10.25.2019

REGONIVO: My Experience

Unless you are a patient or caregiver starting or considering REGONIVO in the future, there is no need to read this post. This is what my experience has been on this combination for the last 3 months, and would only be of interest to those pursuing or considering REGONIVO.

Schedule
I am infused 1x a month with Opdivo. This does not follow study protocol, and when my oncologist told me it would be a monthly infusion, I immediately questioned it and was concerned it may impact the outcome. He sent me research information on revised Opdivo infusion protocol, which calmed me down and made me trust in those that have far more knowledge and credentials that 1x a month would be fine.


I followed study protocol with the 80mg Stivarga dose 1x a day for 21 days on, 7 days off. The biggest challenge I had was taking my pills with a low fat breakfast as instructed to by Bayer. I opted for low fat yogurt, and followed it up 2-3 hours later with something a bit more hearty. I normally eat a hearty breakfast.


They checked my CEA at 1 week (day 1), 4 weeks, and 6 weeks. I do not have my CEA for 12 weeks (week of CT scan) yet:
Week 1: 31.9
Week 4: 15.6
Week 6: 8.8
Week 12: TBD


Loss of appetite
This is a listed side effect for Stivarga, and I can assure you if it’s something food related, I’m going to get hit by it. Unless you have experienced loss of appetite, you can not understand what this is like. I have literally wandered the grocery store searching the aisles for anything that looked appealing. I have read over all the glorious flavors of ice cream in the freezer section. But when your desire to eat has been taken, no magical pint of Ben and Jerry’s is going to bring it back. This loss of appetite of course let to my biggest hurdle of my first 3 months - my weight.


Weight loss
Weight loss is nothing new to me since my diagnosis. My weight has come and gone depending on treatment, nausea, and appetite. But this is by far the worst experience I’ve had yet. In the first 4 weeks I lost 12 pounds. As this was more than 10% of my original weight (114) I was considered to have wasting syndrome, something that qualified me for medical cannabis under the laws of the state in which I live. My oncologist entered me into the program as he felt the use of medical cannabis was the only tool he found to be truly helpful for patients experiencing extreme weight loss. The process was easy and I had my CBD/THC tincture by the end of the week.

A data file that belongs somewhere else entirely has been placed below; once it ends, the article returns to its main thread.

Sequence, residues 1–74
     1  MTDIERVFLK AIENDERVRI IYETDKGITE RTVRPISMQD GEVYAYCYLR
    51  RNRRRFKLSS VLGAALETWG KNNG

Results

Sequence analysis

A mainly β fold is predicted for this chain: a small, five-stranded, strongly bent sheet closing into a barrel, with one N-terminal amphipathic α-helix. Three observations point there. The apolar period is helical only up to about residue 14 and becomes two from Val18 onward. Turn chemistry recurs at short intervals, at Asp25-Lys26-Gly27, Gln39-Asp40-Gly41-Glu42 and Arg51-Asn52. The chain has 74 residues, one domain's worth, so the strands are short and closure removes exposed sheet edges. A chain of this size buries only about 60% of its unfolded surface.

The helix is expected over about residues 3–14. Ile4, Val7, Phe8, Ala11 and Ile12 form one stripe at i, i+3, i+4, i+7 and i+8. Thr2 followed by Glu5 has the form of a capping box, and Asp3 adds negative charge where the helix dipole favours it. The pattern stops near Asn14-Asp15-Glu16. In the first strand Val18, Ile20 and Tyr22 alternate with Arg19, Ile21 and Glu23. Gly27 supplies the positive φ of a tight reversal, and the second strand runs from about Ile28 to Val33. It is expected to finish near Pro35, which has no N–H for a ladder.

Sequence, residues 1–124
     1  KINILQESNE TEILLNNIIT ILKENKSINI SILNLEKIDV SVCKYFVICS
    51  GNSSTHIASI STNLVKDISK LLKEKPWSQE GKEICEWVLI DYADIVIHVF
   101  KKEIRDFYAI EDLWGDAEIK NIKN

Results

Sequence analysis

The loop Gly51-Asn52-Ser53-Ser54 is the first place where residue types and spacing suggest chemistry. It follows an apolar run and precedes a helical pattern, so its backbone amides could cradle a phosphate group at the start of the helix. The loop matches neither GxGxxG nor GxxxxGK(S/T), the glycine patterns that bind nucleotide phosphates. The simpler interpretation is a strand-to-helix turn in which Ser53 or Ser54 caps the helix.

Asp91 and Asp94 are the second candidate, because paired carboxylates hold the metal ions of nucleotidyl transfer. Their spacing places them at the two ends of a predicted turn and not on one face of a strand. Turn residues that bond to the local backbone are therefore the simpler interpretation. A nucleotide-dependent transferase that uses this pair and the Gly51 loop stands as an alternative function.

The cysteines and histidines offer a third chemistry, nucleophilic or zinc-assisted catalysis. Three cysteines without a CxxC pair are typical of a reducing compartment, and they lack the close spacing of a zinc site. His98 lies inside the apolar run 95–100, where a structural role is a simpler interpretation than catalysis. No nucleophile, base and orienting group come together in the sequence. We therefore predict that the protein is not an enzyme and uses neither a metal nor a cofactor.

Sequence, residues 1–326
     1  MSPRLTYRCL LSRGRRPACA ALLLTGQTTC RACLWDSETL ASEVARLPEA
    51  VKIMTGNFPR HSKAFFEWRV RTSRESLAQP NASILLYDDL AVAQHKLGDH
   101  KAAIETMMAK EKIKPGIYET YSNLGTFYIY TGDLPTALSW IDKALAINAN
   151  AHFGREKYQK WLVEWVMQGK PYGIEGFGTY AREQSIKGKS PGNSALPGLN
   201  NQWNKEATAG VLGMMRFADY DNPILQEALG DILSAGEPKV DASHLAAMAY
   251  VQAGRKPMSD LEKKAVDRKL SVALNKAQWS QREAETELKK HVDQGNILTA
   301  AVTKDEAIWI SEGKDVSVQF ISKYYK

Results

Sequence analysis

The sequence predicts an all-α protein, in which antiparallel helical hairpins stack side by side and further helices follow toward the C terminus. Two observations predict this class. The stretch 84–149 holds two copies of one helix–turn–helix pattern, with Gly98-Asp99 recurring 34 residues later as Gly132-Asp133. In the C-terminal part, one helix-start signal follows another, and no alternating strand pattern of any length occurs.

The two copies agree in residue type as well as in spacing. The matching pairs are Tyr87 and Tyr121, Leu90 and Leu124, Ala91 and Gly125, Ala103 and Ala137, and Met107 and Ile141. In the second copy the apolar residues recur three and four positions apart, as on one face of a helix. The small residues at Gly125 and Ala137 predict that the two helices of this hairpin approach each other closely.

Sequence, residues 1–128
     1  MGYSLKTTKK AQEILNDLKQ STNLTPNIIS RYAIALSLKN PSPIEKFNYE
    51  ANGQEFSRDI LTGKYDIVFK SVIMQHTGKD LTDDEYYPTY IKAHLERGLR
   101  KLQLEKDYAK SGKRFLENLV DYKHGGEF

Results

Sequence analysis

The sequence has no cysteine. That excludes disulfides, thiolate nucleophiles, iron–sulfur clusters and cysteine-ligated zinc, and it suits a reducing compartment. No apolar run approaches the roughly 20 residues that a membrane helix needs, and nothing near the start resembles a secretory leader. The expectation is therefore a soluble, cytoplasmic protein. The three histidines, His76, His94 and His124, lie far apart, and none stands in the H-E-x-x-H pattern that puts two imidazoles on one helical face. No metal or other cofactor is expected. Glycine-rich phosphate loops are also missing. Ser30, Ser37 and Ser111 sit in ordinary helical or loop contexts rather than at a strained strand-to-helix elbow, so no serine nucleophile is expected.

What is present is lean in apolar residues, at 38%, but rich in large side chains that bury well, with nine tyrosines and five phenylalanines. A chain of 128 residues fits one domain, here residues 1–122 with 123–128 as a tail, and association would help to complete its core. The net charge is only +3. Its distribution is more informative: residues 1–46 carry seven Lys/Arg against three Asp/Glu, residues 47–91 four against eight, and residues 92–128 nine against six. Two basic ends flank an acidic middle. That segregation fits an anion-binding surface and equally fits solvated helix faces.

Because I would be legally considered to be “under the influence” while using the medical cannabis, I opted to only use it when I was alone (not at work and without kids). I found it did nothing to stimulate my appetite, but it very much did stimulate a 4 hour nap every time. I do still take it when the timing is right in hopes that it might have even the slightest impact, but I do not see it being the solution to my growing (or rather shrinking) problem.


As of 12 weeks I have lost 22 pounds, and we are discussing next steps with my health care team to help me continue on with my treatment plan while also getting the calories I’m going to need to add to and maintain a healthier weight when the desire to eat those calories is non-existent.


Fatigue
This hit me hard the first month. I’m not sure if it was the lack of appetite (and therefore deprivation of calories/energy) that led to fatigue, or if the fatigue (and decrease of movement) that led to the weight loss. I have noticed that there is a direct correlation between calories in and energy out, so I’m hoping with a plan to get far more calories in, I can start to gain weight and get my energy back.


Hand foot syndrome